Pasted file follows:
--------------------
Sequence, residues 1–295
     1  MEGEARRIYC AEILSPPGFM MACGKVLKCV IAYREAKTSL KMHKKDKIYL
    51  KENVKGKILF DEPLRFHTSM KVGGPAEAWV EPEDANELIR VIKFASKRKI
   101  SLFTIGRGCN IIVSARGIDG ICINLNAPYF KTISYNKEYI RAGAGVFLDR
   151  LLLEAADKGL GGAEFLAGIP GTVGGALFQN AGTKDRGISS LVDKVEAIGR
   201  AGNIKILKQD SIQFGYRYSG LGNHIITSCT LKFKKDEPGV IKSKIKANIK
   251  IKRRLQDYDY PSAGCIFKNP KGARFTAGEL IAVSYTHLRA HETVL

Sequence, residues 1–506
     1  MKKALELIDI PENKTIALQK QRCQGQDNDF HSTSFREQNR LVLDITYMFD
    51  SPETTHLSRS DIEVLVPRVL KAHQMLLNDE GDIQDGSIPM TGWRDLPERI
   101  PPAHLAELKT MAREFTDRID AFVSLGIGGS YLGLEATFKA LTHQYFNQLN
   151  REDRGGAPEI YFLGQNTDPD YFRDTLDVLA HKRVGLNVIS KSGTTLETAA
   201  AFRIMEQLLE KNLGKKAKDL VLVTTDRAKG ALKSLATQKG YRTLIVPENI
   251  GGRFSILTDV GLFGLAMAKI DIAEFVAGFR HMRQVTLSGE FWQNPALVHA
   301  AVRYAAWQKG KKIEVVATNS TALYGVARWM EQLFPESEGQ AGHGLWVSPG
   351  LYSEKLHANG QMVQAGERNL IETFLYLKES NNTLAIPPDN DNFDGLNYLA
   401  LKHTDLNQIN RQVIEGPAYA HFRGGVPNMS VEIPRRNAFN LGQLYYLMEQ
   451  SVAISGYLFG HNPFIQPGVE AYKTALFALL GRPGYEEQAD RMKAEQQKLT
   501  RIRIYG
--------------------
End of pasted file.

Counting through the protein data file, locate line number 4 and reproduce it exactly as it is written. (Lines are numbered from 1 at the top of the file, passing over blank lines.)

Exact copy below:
   101  SLFTIGRGCN IIVSARGIDG ICINLNAPYF KTISYNKEYI RAGAGVFLDR